3. Measurement System
The process to measure operations, performance, error-detection, escalation, and dispute resolution are all part of a measurement system. Operational metrics, key performance indicators (KPIs) and Objectives and Key Results (OKRs) are some measurement indicators that are used by operations to manage themselves whether you are a function, business unit, department or a process.
4. Common Language and Practices
Many companies especially the large ones have their own vernacular vocabulary. The knowledge of the company-specific vocabulary is considered one of the pillars that define a culture of an organization. Similarly, there are practices that define the culture of an organization. Annual performance reviews, periodic team events, and 1-on-1 lunches with executive leaders are a few examples. Leaving work after the boss leaves is a common practice. So, is the idea of the birthday celebration of team members. Happy hour and dress-down Fridays are also common ones.
5. Groupism and Influence affiliations
Every organization demonstrates groupism and favoritism. There are always some influential employees in every organization. More than the executive leaders, it is these influencers that define the culture of an organization. By driving groupism and political affiliations, these influencers are able to manage their influence over the organization. In an M&A process, these influencers may not be visible during a due diligence process. They must be identified during the initial stages of integration to manage the cultural transition.
6. Authority and Relationships
Exercise of authority can be formal in some companies and informal in others. This aspect should be articulated properly in the assessment toolkit as different companies may approach employee relationships differently. Integration teams must understand that small companies may have informal relationships and reverence for authority is minimal. Large companies, on the other hand, may be strict about following protocols and conventions.
7. Status and Recognition
While it may not be as important in small companies, status can be a big part of the culture of a large organization. Status may be defined by the position they hold, the influence they cast or the knowledge/expertise they carry. The other aspect under this element is individual recognition. In small companies, all individuals are known and their existence is acknowledged by the others in the organization. As the company grows, this individual attention gets diluted. The challenge is when top leaders of an organization completely overlook giving any attention to the employees as individuals. It is very common to see business leaders from the acquiring company treat employees of the acquired company as numbers and statistics rather than individuals. Lack of existence acknowledgement can be a massive demotivator for any organization.
8. Benefits and Awards
This is probably the most important cultural aspect of an integration. Most cultural challenges arise when specific benefits are altered or taken away. Examples include favorite parking spot, own office, personal assistants and business class travel. They can become major irritants and distractions. At the face value, it may look trivial but in deep-dive the impact of benefit changes can be huge. The cost of irritation and demotivation can far outweigh the business case benefits.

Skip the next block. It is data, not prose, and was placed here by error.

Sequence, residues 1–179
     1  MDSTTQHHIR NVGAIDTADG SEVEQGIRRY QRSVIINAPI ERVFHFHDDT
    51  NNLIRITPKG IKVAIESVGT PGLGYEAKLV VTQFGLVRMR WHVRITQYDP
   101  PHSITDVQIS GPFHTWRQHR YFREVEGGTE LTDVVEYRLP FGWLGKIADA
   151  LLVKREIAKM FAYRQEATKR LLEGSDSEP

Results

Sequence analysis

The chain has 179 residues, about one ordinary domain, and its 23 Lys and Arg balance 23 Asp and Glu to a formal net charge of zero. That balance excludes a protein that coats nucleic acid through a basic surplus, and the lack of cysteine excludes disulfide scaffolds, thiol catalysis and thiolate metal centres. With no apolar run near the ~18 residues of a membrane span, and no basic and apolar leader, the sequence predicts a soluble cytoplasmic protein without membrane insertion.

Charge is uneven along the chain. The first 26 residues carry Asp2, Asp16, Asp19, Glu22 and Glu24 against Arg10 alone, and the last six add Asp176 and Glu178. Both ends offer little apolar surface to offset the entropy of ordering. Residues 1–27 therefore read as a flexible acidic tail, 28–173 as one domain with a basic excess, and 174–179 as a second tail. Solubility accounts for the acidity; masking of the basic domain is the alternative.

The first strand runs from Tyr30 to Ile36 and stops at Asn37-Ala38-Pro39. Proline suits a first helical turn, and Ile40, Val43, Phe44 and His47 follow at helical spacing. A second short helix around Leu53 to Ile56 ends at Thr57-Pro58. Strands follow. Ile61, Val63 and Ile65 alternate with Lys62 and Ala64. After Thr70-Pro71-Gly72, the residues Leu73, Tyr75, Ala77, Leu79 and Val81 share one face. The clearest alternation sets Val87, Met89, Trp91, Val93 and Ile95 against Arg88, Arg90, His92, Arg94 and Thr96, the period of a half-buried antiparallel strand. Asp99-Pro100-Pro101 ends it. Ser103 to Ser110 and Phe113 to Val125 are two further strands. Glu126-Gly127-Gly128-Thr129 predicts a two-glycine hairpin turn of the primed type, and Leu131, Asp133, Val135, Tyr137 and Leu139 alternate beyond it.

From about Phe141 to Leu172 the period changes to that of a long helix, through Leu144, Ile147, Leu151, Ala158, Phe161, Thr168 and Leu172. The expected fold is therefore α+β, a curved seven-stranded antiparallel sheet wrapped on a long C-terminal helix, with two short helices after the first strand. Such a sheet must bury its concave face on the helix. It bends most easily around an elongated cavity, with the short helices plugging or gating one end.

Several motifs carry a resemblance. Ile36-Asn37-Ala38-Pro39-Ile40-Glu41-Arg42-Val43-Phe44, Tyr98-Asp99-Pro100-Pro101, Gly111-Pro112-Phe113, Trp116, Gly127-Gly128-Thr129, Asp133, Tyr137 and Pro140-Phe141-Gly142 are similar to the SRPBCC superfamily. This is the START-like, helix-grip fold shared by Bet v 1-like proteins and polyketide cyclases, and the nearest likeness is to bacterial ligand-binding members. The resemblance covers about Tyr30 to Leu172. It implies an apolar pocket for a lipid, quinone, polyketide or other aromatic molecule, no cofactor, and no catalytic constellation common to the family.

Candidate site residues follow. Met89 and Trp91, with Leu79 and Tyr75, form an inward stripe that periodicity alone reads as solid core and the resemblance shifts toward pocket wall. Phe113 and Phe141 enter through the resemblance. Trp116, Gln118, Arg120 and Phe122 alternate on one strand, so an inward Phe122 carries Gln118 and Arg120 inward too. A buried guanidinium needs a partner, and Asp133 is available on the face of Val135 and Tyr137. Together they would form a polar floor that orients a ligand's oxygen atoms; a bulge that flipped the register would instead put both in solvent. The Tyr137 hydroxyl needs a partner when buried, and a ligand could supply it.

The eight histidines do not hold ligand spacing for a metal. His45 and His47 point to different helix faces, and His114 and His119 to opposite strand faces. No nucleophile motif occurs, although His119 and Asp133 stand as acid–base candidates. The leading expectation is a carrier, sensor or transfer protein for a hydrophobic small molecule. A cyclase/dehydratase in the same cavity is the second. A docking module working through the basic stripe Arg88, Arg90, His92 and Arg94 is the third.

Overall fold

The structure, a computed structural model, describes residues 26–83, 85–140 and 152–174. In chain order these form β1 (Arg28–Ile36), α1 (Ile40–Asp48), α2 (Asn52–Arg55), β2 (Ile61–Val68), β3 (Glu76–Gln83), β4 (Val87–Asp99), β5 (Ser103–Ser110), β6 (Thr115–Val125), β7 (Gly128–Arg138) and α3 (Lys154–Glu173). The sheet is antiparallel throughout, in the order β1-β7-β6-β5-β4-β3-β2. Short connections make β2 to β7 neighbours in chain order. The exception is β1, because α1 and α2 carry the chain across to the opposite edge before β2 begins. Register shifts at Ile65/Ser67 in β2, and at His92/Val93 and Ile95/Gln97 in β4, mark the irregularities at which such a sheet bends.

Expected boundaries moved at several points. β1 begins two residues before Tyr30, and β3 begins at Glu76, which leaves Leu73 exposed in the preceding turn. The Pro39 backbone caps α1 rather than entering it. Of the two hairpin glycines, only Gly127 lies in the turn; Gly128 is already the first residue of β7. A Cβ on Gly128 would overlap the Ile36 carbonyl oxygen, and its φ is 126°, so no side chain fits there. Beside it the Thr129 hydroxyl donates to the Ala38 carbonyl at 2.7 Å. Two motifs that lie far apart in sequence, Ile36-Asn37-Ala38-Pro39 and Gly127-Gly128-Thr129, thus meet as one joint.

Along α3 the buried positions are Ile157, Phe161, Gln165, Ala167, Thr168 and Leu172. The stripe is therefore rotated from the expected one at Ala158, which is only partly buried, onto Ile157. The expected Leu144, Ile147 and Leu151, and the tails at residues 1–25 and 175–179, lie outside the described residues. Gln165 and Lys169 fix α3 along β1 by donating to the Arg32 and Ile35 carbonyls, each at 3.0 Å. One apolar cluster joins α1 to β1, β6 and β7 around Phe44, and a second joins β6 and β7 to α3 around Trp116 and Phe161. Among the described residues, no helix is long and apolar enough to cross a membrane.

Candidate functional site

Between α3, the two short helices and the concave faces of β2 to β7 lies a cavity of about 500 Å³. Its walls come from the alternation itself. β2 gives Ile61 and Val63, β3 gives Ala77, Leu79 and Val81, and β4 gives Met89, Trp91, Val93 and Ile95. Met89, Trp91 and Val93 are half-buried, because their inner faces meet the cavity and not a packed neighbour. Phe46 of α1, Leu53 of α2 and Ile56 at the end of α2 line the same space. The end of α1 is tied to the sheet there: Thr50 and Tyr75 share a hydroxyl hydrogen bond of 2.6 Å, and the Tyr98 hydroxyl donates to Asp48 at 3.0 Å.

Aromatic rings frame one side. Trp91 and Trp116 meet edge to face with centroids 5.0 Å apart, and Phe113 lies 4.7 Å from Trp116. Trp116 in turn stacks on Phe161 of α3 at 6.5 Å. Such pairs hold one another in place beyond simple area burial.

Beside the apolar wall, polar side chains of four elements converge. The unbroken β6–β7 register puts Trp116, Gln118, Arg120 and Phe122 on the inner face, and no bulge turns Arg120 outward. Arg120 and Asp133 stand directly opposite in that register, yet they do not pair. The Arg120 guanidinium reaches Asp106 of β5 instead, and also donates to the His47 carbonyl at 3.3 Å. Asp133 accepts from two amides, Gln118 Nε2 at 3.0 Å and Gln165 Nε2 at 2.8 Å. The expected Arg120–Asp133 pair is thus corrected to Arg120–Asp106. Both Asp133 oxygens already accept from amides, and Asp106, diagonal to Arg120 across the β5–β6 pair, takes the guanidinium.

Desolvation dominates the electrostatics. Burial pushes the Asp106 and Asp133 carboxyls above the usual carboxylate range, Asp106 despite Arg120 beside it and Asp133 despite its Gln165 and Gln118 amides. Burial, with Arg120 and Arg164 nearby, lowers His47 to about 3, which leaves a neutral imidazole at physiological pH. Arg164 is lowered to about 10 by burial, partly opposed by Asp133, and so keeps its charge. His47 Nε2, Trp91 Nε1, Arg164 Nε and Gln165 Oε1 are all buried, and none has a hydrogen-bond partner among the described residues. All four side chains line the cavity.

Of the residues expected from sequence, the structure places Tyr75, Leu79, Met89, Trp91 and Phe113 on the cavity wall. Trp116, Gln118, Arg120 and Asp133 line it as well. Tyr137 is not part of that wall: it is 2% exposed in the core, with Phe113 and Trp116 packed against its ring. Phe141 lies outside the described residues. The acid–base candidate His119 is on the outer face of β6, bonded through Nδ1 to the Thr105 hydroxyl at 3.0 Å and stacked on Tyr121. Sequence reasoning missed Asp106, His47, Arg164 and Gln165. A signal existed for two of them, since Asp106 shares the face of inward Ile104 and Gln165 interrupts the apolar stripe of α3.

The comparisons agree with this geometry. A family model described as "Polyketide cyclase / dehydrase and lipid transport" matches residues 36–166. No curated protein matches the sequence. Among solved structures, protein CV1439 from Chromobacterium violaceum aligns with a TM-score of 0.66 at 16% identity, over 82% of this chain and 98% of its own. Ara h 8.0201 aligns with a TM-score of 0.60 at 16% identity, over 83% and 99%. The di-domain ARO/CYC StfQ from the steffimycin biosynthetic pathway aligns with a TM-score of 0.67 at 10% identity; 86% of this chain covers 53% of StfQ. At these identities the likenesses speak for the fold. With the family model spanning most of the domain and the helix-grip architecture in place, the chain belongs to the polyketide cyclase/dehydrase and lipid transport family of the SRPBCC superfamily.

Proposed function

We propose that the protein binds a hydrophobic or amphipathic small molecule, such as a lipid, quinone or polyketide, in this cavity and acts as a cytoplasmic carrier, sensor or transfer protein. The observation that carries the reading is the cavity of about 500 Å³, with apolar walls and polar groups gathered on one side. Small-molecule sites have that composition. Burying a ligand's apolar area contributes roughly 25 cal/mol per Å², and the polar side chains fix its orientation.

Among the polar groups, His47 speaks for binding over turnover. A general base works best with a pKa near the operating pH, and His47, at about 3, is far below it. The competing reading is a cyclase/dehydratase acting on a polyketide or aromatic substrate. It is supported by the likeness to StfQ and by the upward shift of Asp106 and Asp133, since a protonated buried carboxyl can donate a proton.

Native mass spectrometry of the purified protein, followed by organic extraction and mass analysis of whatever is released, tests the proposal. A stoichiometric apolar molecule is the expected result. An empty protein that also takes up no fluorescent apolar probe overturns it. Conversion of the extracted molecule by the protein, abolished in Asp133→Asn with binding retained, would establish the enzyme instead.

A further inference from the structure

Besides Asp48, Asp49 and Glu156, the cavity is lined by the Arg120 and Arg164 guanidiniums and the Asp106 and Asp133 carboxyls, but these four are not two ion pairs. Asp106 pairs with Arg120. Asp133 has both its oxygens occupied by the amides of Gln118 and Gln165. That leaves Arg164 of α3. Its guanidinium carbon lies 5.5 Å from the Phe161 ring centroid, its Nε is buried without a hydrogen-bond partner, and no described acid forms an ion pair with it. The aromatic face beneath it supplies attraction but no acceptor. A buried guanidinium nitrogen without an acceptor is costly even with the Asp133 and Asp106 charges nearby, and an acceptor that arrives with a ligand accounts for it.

The other aspect of this category is rewards and recognition. Companies regularly use rewards and recognition to motivate the workforce. Employee of the week, management awards, leadership awards and other forms of rewards can be adroitly used as an employee engagement tool. Each organization have their own mechanism to manage this process which may be different from the others.
Human beings are creatures of habits. It is very easy to fall into the trap “this is the way we do things” and follow it blindly. In an M&A, people often expect the same obedience from the acquired company employees when the integration is initiated. Without a robust cultural transition planned, the same obedience expectation can lead to massive resistance that can radically impact revenue and the cost of an organization.
Organizations must take-out time and conduct comprehensive cultural assessments to understand the demonstrable attributes as well as the underlying causal factors. Only when the team develops a good understanding, can they come up with relevant and effective interventions for transition. Anything short will end up in a disaster.
Cultural transition is a journey that touches the core of an organization, its people. That is why, cultural integration plans must be well-structured, empathetic, inclusive and more importantly, collaborative in nature that will bring the teams together.
Culture is not fluff when you approach it logically. Developing a good understanding to conduct cultural assessment holds the key to bringing people from the two companies together.
And as you know when two parties collaborate together and play to their strength then it can quickly achieve one plus one equals six!